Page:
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South Africa alleges “inconsistent” citrus inspections in Southern Europe


South Africa alleges “inconsistent” citrus inspections in Southern Europe

South Africa alleges “inconsistent” citrus inspections in Southern Europe
Photo Credit: Bidversity explorer

South African delegates will soon be touring several European nations in a bid to clarify citrus black spot (CBS) inspection procedures, which are estimated to be squeezing more than ZAR1 billion (US$86 million) out of the industry each year in associated spraying, market access and fruit deviation costs.

During a CBS briefing at Fruit Logistica in Berlin last week, the Citrus Growers Association of Southern Africa’s (CGA) special envoy for market access Deon Joubert said the group had obtained documents showing Spain had tested fruit without symptoms this past season.

“As long as South Africa is dealt the same hand as anybody else then there’s no problem, but we know the other importing countries didn’t have this kind of focus on asymptomatic fruit,” the former Capespan exec told the crowd gathered at the South African stand. “We have official documentation from Spain that says that every South African container will be technically tested for CBS, and that’s inconsistent. “We have had imports cleared of CBS on the border, sold, eaten, finished and then we have two or three weeks later a report of a CBS strike, which is inconsistent with the normal procedure.”

Exporters have seen varied detection rates for the disease in the old continent, with a dramatic reduction in interceptions in the Netherlands where similar volumes were able to move through, contrasted with a sharp uptick in strikes from the Mediterranean.

Drawing up an inspection direction

Joubert, along with South African experts and officials, have sought to harmonize inspection practices in a bid to remove these discrepancies. The envoy noted a very productive visit to Dutch and German laboratories in August where the industry was assured it could be confident in handling and testing methods. “Theoretically on those [labs] we don’t have any problems. We had four [interceptions] in Germany, five in Holland, one in the U.K., no issue,” he said, adding the total number of interceptions was 28 but the figure was being challenged.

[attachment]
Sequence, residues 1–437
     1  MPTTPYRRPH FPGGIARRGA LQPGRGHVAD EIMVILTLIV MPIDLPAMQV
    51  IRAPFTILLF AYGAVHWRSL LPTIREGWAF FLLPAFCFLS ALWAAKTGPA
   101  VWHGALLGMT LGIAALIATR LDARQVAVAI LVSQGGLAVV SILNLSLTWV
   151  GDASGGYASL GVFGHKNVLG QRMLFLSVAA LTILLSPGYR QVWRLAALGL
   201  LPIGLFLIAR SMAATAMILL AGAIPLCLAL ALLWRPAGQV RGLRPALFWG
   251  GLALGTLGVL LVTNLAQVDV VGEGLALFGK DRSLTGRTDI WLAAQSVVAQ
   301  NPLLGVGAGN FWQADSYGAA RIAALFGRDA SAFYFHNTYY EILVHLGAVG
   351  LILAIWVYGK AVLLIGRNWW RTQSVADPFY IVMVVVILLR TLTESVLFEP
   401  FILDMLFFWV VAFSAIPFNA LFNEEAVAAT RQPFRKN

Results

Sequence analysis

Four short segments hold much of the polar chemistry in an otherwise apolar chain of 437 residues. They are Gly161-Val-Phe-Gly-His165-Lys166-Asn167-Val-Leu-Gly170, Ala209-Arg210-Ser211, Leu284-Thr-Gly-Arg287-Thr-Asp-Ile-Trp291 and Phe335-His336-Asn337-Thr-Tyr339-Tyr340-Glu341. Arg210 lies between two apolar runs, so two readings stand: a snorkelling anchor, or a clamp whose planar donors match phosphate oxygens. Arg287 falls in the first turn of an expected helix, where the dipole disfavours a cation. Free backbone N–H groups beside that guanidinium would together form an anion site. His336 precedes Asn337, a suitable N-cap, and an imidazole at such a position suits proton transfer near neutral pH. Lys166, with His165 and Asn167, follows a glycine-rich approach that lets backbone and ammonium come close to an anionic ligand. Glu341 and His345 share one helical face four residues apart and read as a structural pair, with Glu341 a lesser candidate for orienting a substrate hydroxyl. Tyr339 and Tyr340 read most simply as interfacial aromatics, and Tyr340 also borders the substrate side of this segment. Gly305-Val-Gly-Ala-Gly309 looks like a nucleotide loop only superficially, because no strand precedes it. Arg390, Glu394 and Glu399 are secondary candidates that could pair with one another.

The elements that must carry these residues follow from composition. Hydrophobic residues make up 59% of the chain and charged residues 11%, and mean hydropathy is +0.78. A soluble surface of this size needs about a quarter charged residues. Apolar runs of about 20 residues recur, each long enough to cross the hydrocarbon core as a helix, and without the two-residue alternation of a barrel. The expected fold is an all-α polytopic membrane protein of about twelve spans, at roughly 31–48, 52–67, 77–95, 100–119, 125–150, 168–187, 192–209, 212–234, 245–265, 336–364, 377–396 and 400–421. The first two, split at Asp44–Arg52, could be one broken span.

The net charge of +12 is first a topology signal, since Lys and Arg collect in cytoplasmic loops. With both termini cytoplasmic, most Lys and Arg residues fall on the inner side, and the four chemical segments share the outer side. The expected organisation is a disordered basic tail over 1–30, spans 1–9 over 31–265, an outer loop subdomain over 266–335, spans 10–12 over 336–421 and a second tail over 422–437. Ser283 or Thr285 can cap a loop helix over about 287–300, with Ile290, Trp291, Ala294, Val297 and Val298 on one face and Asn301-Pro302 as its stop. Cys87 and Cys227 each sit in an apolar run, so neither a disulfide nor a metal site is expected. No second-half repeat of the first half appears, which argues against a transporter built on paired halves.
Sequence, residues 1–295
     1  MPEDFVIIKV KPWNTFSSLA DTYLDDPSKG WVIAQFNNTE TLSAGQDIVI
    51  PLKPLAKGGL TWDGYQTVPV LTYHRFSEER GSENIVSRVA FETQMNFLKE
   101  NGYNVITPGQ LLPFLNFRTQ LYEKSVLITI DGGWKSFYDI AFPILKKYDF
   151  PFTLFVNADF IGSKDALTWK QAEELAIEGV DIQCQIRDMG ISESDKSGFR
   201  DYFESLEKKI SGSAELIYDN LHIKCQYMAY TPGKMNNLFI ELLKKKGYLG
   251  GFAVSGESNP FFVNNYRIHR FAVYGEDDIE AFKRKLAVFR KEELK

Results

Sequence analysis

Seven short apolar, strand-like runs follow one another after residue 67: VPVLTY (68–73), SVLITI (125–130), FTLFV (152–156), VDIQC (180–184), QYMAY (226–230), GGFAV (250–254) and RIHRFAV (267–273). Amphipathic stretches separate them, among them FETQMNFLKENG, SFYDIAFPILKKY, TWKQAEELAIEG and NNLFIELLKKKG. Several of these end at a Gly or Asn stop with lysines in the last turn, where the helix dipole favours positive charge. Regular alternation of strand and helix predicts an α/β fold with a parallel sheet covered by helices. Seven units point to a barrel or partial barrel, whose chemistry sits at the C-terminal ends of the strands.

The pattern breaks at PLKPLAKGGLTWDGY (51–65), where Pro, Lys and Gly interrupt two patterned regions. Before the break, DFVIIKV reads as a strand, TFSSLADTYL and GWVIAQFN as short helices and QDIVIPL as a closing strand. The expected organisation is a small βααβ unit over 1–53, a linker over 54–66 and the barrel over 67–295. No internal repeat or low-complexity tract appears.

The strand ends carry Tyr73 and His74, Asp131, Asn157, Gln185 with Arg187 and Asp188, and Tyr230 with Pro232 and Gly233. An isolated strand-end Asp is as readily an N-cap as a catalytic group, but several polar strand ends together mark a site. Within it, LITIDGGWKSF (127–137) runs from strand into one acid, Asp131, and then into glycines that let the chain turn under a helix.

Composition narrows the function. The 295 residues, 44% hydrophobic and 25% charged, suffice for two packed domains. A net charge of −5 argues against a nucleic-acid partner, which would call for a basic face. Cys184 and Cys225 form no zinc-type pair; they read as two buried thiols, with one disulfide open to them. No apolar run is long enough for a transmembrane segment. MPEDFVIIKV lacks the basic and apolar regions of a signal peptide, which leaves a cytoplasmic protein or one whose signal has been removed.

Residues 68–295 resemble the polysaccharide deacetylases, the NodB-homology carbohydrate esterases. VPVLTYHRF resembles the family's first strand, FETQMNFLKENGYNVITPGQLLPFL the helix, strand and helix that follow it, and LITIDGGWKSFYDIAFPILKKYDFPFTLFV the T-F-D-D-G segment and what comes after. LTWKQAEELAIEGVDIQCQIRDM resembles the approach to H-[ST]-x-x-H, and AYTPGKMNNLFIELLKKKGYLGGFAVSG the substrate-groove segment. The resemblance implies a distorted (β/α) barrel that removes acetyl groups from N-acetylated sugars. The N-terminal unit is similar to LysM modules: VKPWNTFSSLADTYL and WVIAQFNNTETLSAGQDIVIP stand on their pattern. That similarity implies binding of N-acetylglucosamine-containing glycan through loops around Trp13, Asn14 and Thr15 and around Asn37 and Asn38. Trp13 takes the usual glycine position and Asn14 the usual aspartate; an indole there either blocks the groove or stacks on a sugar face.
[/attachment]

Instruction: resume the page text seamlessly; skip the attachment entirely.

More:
“The concern is to the south. We had what was a very low two [interceptions] go to 18….the problem is in Spain. We had 401 consignments, and we had 10 interceptions.” “Although the legislation on access and trade is harmonized in Europe, the inspection services are the national authority’s responsibility. So each country can principally interpret and report as they want.” While changing legislation would be a challenge, the South Africans are doing what they can to standardize procedures on a practical level. Joubert himself plans to visit the inspection services of Spain and Italy at the end of the month to try to reach an agreement.

“We seem to be quite near to agreement in the northern part of Europe,” he said. Additionally, he said the EU’s Directorate General for Health and Food Safety (DGSANCO) would be arranging an expert visit with South Africa’s Department of Agriculture, Forestry and Fisheries (DAFF) to Spain, Italy, Portugal, England and France. “Then the issue is for South Africa to improve or rectify its performance, we need to know as much as we can from what happened in each individual case.” The industry representative clarified that no decision had yet been made by South Africa to avoid Mediterranean import markets.